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Discover Adelaide Hills in a Single Hour

Home > Adelaide > Day Trips | Escape the City | Outdoor | Parks | Places of Interest
by Max Flynn (subscribe)
As a nomadic gentleman, I'm happiest exploring the world's most remote places, watching the sun rise through the bottom of my whiskey glass. I shall insert a link to my cleanest blog shortly. Cheerio!
Published February 25th 2014
Motor through an elegant, primeval landscape well, I did


Crank up your gentleman's carriage, pack the picnic basket, and savour the glorious Australian bush -all during your lunch break.

From the CBD, head East on North Terrace, which becomes Payneham Rd, and then Lower North East Road. After twenty minutes, you've arrived at the Australian Wilderness.

Entering the forest, Blackbutt and Pink Gum trees provide a shady canopy overhead, so you're driving through dappled sunlight. Honeyeaters and Willie Wagtails flitter and swoop across the road, the air rings with the joyful chant of cicadas, and you'll hear kookaburras and the occasional kangaroo crashing through the bush. Wind through a glorious primeval landscape, unchanged since the T-rex was stomping about.

In a few minutes you'll see Millbrook Reservoir peeking mischievously through the trees on your right. After a glorious little hairpin turn, the pale blue lake comes almost to the edge of the road. Stop and have a steaming cup of billy tea here, on a picnic blanket with your lady, as the waves lap softly against the tree roots...

Crossing the bridge you'll see the shallow tea-coloured waters of the reservoir on both sides, the fish drifting placidly among the smooth stones, an enchanting scene indeed.

Turn right onto Tippett Road to Lobethal, a glorious rollercoaster of dips and bends and weaves and winds, enchanting wild grass and scrub growing through the roots of oaks and gums on either side, and who knew that so many varieties of browns and yellows could be so lovely?

Turn onto Gorge Road, and on your left is the River Torrens, a metre-wide creek here, fed by Millbrook Reservoir. The road refuses to relax, it's full of hollows, climbs, and crests, and the russet-yellow land starts to rise around the you. Pass through a cutting, with rugged rock walls rising on your right, and you're in the Gorge.



The river's a trickle, the rocky landscape sloping steeply skyward on your left, the rocks splashed with pale green and pale yellow moss. As the road cuts deeper into the hillsides and ancient trees soar majestically above, it gets cool, even cold, in the deep shadows of the cuttings. There's a sense of growing wildness here...

Five hundred million years ago this mountain range was formed when tectonic plates collided, causing folding, buckling and faulting of the strata, as evidenced all around you. This thrust sedimentary rock skyward, meaning that deep in these mountains are the remains of ancient fish -from half a billion years ago...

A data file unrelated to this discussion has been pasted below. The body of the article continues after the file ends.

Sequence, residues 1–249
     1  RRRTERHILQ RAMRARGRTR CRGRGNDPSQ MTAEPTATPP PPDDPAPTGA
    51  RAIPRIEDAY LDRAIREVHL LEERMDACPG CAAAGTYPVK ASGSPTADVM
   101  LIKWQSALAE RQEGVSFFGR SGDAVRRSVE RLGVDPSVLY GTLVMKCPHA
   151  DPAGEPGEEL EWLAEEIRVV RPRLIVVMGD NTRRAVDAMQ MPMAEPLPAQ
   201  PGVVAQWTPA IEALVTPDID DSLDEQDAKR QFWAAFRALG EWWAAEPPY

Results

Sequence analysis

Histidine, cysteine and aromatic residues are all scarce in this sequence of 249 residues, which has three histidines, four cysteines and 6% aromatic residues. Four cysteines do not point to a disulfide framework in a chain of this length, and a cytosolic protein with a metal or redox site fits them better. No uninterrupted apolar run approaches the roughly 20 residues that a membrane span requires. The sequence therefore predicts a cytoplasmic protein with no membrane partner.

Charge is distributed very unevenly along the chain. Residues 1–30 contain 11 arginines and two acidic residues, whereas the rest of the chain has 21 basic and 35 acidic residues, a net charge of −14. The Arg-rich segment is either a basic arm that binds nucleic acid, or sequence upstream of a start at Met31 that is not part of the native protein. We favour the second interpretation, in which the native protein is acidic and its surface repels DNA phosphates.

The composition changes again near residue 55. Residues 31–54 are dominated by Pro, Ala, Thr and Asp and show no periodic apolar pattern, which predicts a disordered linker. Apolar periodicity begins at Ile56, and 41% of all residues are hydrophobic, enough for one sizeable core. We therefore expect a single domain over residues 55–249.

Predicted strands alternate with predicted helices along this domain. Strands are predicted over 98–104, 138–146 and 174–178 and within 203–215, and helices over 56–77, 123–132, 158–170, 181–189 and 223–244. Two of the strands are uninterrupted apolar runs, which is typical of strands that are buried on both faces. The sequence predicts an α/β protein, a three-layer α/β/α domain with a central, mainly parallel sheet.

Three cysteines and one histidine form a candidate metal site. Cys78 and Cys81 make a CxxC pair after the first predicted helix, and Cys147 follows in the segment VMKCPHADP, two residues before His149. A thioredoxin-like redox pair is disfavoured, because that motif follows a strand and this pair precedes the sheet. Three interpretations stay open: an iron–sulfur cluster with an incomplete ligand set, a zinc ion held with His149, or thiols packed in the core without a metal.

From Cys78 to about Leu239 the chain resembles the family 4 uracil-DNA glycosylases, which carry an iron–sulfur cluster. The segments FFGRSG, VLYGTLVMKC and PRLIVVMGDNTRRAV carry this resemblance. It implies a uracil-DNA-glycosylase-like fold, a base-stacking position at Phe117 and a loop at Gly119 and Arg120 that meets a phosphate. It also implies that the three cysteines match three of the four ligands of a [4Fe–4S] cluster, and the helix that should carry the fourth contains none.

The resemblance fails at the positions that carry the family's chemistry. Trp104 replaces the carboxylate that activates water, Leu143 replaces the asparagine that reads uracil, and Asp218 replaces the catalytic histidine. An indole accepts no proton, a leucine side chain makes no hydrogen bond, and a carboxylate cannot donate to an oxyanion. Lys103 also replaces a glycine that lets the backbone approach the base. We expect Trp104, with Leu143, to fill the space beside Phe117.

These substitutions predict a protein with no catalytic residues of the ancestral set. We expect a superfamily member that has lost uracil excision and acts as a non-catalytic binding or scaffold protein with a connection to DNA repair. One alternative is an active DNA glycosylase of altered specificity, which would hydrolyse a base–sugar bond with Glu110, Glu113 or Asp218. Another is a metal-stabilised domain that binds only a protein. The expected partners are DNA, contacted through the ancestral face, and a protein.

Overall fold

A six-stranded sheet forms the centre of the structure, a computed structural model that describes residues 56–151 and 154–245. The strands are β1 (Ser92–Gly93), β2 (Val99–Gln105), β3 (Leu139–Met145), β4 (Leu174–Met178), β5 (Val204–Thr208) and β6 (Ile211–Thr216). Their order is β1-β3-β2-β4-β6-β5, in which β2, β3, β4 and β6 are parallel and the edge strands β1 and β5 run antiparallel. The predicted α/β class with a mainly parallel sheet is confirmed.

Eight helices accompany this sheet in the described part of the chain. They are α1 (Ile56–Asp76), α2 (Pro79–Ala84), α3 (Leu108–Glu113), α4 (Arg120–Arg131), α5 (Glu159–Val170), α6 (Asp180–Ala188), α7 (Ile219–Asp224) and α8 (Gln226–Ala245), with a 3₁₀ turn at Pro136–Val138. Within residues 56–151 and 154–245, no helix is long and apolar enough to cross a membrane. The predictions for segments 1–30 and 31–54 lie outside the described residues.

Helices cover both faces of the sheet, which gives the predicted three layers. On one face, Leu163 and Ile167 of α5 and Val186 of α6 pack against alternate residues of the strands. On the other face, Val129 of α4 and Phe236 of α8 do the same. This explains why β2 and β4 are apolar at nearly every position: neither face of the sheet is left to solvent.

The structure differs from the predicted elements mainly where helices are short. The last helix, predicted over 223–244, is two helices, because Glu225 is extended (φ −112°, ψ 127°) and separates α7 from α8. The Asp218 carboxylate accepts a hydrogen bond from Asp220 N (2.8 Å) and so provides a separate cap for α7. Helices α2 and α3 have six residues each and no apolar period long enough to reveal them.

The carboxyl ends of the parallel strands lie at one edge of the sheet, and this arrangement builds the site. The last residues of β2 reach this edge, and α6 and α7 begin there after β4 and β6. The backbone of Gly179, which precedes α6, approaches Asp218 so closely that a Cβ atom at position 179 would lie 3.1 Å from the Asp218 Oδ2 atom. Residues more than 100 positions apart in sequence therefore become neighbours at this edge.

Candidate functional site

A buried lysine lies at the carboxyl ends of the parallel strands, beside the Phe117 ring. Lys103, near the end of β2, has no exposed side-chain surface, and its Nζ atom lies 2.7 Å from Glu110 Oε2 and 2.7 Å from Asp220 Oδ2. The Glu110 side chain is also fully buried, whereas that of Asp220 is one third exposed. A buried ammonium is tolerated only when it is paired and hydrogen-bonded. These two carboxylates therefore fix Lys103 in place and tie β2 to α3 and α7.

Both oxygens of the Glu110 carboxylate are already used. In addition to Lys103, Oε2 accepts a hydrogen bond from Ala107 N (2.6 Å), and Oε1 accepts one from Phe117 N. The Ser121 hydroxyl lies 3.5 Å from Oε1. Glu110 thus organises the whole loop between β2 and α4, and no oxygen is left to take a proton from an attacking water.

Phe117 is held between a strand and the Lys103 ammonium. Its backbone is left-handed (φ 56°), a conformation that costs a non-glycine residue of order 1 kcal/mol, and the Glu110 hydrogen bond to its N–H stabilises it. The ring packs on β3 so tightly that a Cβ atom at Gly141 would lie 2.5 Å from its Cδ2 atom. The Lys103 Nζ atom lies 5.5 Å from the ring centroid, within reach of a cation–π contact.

Now the road drops dramatically, the great striated stone walls rising imperially, and the river, glimpsed through the thick trees on your left, has grown wide indeed. Suddenly the land drops away and and the river has now become the vast Kangaroo Creek Reservoir. Yes, the muck that comes from our taps begins here.



Take a left at tiny Corkscrew road, and you'll twist up through the rich red-brown landscape, with its contrasting deep green trees. You may wish to stop and make a paper hat to sail in the tiny creek on your right, which is as wide as your hand, and barely deep enough for a duck, as it splashes and dances over polished stones. The grass is entirely yellow here, contrasted only by the ever-green trees and shrubs, and the scarred silver faces of rocks slowly growing out of the burnt hillside.

You'll come to an intersection where Corkscrew joins Montacute Road and Church Street. Turn onto the minute Church Road. It only goes a short distance. You're now on the very top of the mountain. Look at that extraordinary old-fashioned church at the top of the hill! How it looms over the valley, with its astonishing view of everything in all directions. How the spirit soars in the high clear air, with the mountains marching away to the East, the wineries slumbering in the valleys to the West, and the cool stillness here among the clouds....



Montacute Road will take you straight back home where you may open a bottle of wine and reminisce about the grandeur of the Australian wilderness, and the way it gladdens the heart. I'll drink to that!
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